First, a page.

As for the linked article, it does a much better job describing the underlying logic for why scientists believe that there are multiple dimensions. I, however, am inclined to believe that since our understanding of quantum physics is still so limited, all this theoretical talk of n dimensions is just hypothetical at best– frameworks built with the sole intent of satisfying the data we have, lacking the elegance and lucidity of a more comprehensive theory like general relativity. Of course, that doesn’t mean it’s necessarily wrong, just that I feel like we only have a small portion of the larger picture figured out.

  11. #6 posted by Anonymous:

    So what does a stoned theoretical physicist think about?

    Me, apparently, and it’s bloody annoying. Every time it happens, I have to change my state.

  12. Is the New Scientist quoting from non-refereed arxiv articles (here and
    here) because they were never published, or because the published versions are copyrighted?

    In any event, if you’re going to refer to a published article you need to give the source. Phys Rev is a totally different source than JIR.

  13. Please. A dimension is simply a vector of possible values. The notion that something has a PLACE, in SPACE, may be as intuitive as orangutans and bananas, but it’s not special, just a local case of an abstract class. Wittgenstein would say that only the model is knowable, while the reality may not even exist, throwing the whole question into a cocked hat.

  14. Not only is the concept of ‘dimension’ not related to physical space, the concept of ‘space’ hasn’t been related for quite some time as well.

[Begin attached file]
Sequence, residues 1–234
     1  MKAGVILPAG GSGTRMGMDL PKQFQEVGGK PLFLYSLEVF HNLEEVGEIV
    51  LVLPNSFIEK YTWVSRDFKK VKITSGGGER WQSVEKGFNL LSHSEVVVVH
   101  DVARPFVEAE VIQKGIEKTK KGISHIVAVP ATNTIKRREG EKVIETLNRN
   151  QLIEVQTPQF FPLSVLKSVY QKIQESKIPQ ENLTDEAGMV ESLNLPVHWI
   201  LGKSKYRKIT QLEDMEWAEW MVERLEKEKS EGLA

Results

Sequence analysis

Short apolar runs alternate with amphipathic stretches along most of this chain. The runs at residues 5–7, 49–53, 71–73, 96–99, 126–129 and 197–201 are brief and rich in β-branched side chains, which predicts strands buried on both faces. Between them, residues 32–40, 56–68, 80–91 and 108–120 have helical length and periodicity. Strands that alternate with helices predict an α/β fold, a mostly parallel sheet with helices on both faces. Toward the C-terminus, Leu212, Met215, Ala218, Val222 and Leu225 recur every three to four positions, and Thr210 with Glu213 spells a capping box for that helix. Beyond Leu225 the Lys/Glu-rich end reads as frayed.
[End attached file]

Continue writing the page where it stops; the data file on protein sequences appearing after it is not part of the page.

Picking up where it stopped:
Anything that shares some of the mathematical properties of a physical space can be termed a ‘space’. Most notably Hilbert spaces, which is any space that shares the property of orthogonality with ordinary spaces. (i.e. the ‘dimensions’ of the space are orthogonal. X has no Y component.) Only Hilbert spaces can have any number of dimensions, they’re often infinite-dimensional.

    Usually, the valid solutions to a Schrödinger equation are viewed as a Hilbert space (since they’re orthogonal), and a quantum-mechanical wave function is a vector in that space.

    This isn’t particular to quantum mechanics though. It can also be used to describe the solutions to a classical wave equation, for instance. E.g in the case of a simple vibrating string, each ‘axis’ or ‘dimension’ of the Hilbert space would correspond to a harmonic. (out of which there are an infinite number).

    Since any tone that that string would be capable of producing would be a set of harmonics and their respective amplitudes, which can then be viewed as a vector in that Hilbert space.

  15. @22:

    If you’re going to mention infinite-dimensional spaces, you may as well point out that there are different sizes of infinity, too. Most wavefunctions live in spaces with uncountably many dimensions.

    This isn’t all that scary- it often just means the waves have a (complex) value at every point in space, only mathematically we treat each position as orthogonal direction.

  16. Grikdog, I agree. And furthermore I will hold Wittgenstein for you while you gut-punch him into silence.

Comments are closed.